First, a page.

Last month Transition Network took a dive into ‘What Is’, an inspiring, fascinating, and at times challenging immersion in the Transition movement and the challenges that lie ahead for us.
We hosted four webinars, in the context of our ‘Transition: Bounce Forward’ series. The focus was on initiatives in England and Wales, but the lessons and insights were universal, and participants joined from around the world, including the US, Canada, Brazil, and Iran.
The first one, held on September 7th, was entitled ‘What is the context for the next 5 years of Transition’ and featured 3 guests, Kevin Anderson, Nick Anim and Eva Schonveld, and was chaired by Transition Network’s Rob Hopkins.
Kevin Anderson, one of the most honest and outspoken advocates for rapid action on the climate emergency, began by stating “to understand what action is needed, we must recognise where we’re starting from”. And we are not starting from a good place.
He presented a recent paper he had published (summarised in this article in The Ecologist) which showed that when aviation and shipping generated by imports are taken into account, the scale of cuts we need to make in order to stay below a 1.5 degree rise isn’t the 2-3% a year proposed by the UK government, but closer to 9 or 10%. “In 2020”, he stated, “climate change has become system change”, before setting out a series of challenges the Transition movement needs to address. Time with Kevin is like an appointment with a doctor who tells it to you straight, and his honesty and clarity was much appreciated by those participating.
The second guest was Nick Anim from Transition Town Brixton (sporting a very fine TTB shirt). He has spent the past 5 years exploring, through research, why it is that, as he put it, “environmental movements tend to be green but mostly white”. Among his findings are that the Transition movement and the wider environmental movement haven’t been attentive enough to durable inequalities that marginalised groups face every day.
He concluded his talk by saying that the Transition movement is “a Trojan Horse of revolutionary possibilities … we operate under the radar but we also must join hands with other movements in our localities such as XR and Black Lives Matter”.
Eva Schonveld focused on the role of inner Transition and how important the role of inner is for both Transition and for activism in general. She talked about the impact of trauma on our ability to respond to what is going on around us, touching on the role of colonisation and power and the need to recognise the role of trauma, and design processes to address it. She shared many insights from her recent article, co-written with her partner Justin Kenrick, which was re-published by Transition Network last month.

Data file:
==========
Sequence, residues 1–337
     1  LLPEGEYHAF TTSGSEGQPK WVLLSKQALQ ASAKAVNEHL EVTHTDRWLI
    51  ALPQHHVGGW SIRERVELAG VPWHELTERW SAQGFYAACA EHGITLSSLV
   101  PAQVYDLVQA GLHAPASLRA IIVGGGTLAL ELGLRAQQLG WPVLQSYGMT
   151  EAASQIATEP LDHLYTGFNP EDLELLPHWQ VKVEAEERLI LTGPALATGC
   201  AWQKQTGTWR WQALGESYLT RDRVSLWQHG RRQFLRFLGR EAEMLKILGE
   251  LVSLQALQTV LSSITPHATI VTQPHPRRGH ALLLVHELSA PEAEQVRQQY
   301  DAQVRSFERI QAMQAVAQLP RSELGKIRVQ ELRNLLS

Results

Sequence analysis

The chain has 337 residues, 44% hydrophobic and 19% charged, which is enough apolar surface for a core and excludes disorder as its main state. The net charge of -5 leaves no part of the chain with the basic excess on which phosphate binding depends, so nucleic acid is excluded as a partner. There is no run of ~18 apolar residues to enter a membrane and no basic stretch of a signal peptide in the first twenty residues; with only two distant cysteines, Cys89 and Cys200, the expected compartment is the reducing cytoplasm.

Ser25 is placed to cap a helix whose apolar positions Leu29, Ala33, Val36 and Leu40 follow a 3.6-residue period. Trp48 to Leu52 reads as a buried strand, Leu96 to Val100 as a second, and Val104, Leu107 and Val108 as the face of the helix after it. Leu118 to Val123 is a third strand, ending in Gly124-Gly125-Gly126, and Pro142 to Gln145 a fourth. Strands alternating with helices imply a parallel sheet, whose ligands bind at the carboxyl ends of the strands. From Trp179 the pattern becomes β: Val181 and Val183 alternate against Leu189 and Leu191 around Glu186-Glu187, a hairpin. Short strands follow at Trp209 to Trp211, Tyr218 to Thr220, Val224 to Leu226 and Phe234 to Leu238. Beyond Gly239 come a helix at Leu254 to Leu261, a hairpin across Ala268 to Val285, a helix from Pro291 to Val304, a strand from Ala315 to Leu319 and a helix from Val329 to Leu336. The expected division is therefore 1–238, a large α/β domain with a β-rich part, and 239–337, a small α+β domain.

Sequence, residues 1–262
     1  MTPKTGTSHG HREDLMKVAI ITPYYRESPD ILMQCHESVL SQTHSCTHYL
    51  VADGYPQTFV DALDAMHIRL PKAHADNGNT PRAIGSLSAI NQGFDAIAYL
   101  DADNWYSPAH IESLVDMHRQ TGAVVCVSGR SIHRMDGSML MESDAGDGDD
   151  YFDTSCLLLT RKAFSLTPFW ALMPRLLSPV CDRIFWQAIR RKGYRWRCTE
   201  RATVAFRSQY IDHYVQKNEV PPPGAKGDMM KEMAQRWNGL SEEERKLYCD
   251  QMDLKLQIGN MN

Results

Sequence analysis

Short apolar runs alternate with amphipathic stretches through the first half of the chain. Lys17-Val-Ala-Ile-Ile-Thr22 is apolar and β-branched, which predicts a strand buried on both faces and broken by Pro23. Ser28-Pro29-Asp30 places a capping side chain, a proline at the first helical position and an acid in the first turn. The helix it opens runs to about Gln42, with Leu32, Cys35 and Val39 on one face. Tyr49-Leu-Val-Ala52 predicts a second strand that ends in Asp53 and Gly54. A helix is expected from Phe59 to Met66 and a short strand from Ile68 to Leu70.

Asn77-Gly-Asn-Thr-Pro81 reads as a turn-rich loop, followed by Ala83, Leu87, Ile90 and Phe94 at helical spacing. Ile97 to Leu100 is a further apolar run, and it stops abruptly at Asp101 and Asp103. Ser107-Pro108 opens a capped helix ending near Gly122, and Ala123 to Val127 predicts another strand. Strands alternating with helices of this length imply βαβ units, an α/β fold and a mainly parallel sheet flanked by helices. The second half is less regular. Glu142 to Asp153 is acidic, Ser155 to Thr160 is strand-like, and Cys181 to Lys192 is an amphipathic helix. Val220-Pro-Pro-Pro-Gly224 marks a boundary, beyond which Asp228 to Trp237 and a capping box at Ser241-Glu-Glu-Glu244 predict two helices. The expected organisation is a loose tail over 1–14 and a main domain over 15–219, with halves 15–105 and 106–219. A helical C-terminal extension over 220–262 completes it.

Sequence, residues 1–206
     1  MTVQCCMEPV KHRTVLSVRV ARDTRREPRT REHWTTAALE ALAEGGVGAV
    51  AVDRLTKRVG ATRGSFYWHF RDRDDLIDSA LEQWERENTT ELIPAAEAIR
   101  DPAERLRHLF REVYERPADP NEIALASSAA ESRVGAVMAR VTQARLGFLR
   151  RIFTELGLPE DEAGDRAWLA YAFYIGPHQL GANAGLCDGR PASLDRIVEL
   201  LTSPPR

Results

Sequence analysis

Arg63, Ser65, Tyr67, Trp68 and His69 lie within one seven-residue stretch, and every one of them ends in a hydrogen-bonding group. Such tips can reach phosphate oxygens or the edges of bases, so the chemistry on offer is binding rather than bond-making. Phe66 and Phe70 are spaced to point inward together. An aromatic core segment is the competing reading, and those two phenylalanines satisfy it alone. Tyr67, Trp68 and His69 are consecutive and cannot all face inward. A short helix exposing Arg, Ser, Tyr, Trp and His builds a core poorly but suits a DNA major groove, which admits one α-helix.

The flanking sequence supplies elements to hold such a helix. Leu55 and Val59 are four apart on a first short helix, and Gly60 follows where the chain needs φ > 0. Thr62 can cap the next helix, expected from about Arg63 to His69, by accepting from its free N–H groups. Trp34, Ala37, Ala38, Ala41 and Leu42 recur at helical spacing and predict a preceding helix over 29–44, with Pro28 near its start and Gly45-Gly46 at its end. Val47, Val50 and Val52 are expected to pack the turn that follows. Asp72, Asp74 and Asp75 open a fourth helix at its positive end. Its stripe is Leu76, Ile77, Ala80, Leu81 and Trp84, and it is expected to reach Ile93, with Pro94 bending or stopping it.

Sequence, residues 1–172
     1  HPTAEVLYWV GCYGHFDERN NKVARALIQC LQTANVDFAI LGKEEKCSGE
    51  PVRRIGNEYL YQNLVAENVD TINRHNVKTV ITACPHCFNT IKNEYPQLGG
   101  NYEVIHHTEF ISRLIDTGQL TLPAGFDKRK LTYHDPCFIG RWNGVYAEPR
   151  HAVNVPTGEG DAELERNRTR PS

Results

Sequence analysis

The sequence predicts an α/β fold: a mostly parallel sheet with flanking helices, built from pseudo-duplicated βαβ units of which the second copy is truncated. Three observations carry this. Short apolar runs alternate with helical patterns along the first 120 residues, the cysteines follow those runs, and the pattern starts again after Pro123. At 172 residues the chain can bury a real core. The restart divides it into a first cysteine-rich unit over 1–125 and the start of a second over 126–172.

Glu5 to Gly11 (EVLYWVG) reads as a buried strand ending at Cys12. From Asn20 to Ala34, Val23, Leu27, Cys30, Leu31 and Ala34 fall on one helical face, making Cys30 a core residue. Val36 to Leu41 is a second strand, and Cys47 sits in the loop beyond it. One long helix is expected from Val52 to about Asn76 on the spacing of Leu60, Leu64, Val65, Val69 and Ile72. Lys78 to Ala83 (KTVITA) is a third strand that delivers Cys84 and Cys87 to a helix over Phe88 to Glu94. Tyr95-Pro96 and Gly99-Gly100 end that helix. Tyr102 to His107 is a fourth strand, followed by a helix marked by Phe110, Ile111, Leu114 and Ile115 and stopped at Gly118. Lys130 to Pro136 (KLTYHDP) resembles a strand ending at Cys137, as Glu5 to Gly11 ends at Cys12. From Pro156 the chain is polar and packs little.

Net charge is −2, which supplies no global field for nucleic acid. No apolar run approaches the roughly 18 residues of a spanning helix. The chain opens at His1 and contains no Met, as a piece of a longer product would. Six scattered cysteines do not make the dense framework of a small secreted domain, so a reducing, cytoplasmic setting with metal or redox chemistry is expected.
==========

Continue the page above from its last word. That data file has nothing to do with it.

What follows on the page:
Participants were then put into small groups to discuss what they had heard and to formulate questions for the speakers. The Q&A was far reaching and fascinating and a couple of our highlights from the discussion were:
“When responding to climate change, there are no technocratic solutions, there are some technocratic responses that may help, but ultimately it is much more an issue of society, values and community” - Kevin Anderson
“So many people have … largely unwittingly just slid into going along with the system that doesn’t work for any of us” - Eva Schonveld
“At the local level, it’s very much about the stories you tell. How, for example, do you link the issues of police violence to climate change? Police violence creates a hostile environment for a particular group of people, and with climate change the end result is a hostile environment for a particular group of people - once you understand that, then you can make some connections that resonate with each and every group” - Nick Anim
The second webinar, the following day, was titled ‘The Opportunities These Times Present’. It featured presenters from Transition Town Liverpool, Transition Town Letchworth, and Transition Llandrindod Wells and was chaired by Transition Network Trustee, Peter Lefort.
Paul Riley talked about how Transition Liverpool have had a resurgence recently, with new people and a new sense of energy in their activities. He acknowledged that it is harder to build momentum in a large, complex city like Liverpool, where 1 in 3 people are below the poverty line. They found though that when COVID hit, “we found possibility everywhere”. “I watched love and imagination become the most important things in the world”, he said. They are working on a project called sParkIt, a takeover of carparking spots across the city, and are currently crowdfunding for it (if you have any spare pennies) – working with many organisations and architects (‘sParkitects’) to make it happen. “We are finding that our imagination is becoming the superpower that we always thought it was”, he said.